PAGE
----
From Ideology to global practice : capitalist models of development between WW11 and the mid-1990s
Hill, J. D. T. (2019). From Ideology to global practice : capitalist models of development between WW11 and the mid-1990s (Thesis, Master of Social Sciences (MSocSc)). The University of Waikato, Hamilton, New Zealand. Retrieved from https://hdl.handle.net/10289/12850
Permanent Research Commons link: https://hdl.handle.net/10289/12850
Focusing on the period between WW11 and the mid-1990s, this thesis follows two main themes: (a) the national and international progression from ideological models to practical models of development through debate, compromise, and the tactical positioning of intellectuals and advocates, and (b) how the models in question have gained influence in international institutions, particularly the IMF, WB, WTO, and OECD, and how models of development are further expressed, developed, and disseminated from these platforms. The first theme evolves through critical discussion of key works by pivotal scholars who were particularly influential in this period, and the contrasts between central aspects of their distinct ideological models of national and international development. This theme is further developed via a historical narrative of political development in the U.S and to a lesser extent the U.K, which highlights the challenges facing those who seek to implement an ideological blueprint into a practical model of development. This analysis demonstrates the debate, compromise, and the tactical positioning of intellectuals and advocates which almost inevitably creates discrepancies between the ideological and practical models, and between national models based on the same ideology. Three distinct eras of capitalist development are identified and defined by their practical model of development. It is found that each has been intentionally implemented and has clear links to ideological counterparts. Using these distinct eras of capitalist development as guidance, the second major theme is explored through separate narratives of IMF, WB, WTO, and OECD development through the same time period. Findings demonstrate how each institution has been influenced by the U.S and the wider G7 and effectively serves as an extension of their geopolitical and economic interests, and how each has incorporated the three intentionally implemented models into its own workings. This analysis reveals a growing interconnectedness and cooperation between these institutions and shows how they have evolved into a coordinated network of knowledge producing policy advocates and enforcers. Findings also show the process of inducting nations into the policy frameworks developed within these institutions, and the embedding of nations into the global free-market economy that the supranational institutional network is responsible for.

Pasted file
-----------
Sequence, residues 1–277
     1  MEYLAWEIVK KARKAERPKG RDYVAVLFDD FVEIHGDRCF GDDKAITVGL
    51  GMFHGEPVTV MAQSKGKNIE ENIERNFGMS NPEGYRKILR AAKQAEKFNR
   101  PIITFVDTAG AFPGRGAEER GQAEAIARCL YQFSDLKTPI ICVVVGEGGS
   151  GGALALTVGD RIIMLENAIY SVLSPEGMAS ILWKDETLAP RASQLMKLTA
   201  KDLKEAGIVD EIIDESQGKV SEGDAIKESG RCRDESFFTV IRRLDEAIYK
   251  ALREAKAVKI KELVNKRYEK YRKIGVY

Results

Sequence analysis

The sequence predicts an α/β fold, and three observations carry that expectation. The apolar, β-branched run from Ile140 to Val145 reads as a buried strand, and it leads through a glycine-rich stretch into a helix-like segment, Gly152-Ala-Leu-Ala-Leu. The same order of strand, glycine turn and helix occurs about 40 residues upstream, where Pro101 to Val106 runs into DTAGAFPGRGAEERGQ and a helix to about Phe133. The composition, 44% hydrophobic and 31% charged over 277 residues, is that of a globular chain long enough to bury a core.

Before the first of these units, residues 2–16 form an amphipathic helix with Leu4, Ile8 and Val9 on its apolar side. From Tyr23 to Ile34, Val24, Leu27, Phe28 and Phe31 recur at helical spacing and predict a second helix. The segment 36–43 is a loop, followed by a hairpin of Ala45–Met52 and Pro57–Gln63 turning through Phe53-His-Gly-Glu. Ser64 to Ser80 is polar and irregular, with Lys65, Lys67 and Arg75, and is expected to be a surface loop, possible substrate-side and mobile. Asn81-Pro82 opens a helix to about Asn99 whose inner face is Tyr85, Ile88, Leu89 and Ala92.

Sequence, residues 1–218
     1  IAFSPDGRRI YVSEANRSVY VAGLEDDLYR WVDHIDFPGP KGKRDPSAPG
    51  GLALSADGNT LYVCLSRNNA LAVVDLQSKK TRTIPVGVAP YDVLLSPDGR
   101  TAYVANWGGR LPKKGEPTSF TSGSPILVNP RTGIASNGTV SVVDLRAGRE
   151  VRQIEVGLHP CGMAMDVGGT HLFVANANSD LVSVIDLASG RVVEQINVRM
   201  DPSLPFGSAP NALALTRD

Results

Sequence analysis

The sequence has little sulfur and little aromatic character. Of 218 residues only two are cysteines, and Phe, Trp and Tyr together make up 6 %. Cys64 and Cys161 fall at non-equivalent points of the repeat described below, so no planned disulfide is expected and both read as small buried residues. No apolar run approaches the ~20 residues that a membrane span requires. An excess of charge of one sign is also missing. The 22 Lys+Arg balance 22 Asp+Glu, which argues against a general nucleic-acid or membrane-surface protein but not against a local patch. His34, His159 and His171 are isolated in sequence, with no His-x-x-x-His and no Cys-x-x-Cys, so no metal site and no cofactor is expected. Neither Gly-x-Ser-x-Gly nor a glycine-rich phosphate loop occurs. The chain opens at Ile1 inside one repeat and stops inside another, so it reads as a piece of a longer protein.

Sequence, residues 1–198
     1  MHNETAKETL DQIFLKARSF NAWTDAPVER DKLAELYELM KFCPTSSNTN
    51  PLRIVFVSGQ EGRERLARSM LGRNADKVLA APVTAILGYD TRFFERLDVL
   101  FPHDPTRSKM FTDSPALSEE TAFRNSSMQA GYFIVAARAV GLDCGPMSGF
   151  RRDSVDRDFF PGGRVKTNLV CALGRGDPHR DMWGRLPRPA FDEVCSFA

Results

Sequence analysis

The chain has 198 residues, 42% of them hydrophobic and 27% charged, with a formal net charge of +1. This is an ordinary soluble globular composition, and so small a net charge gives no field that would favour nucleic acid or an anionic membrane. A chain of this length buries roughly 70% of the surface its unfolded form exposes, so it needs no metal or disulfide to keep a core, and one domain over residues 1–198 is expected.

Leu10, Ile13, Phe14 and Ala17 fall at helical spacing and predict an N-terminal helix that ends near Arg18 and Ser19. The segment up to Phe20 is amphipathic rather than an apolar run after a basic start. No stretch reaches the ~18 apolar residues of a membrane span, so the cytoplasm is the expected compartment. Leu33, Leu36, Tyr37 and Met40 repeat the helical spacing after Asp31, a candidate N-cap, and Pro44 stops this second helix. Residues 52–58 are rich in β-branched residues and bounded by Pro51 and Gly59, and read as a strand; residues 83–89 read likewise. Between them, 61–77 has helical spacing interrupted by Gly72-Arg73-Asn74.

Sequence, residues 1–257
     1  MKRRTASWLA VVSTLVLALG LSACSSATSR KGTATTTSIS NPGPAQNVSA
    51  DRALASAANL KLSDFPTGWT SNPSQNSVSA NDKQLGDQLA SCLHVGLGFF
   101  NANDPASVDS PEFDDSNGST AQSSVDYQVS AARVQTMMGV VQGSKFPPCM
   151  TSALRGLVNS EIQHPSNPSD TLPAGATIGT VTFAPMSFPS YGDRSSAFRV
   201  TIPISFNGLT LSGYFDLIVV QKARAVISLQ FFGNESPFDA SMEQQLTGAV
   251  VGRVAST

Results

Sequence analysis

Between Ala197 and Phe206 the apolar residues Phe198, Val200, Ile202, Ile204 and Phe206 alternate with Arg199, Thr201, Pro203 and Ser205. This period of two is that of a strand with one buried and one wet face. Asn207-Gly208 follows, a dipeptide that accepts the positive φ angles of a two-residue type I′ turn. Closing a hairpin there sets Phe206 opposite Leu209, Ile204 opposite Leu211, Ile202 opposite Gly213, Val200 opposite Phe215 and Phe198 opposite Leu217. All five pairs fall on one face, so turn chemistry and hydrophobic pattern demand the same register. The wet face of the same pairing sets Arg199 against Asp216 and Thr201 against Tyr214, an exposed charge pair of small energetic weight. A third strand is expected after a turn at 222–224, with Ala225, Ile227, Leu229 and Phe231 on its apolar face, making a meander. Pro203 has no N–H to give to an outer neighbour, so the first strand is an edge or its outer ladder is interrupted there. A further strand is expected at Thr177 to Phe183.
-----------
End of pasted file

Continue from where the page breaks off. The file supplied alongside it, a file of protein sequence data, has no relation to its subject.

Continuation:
The University of Waikato
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- Masters Degree Theses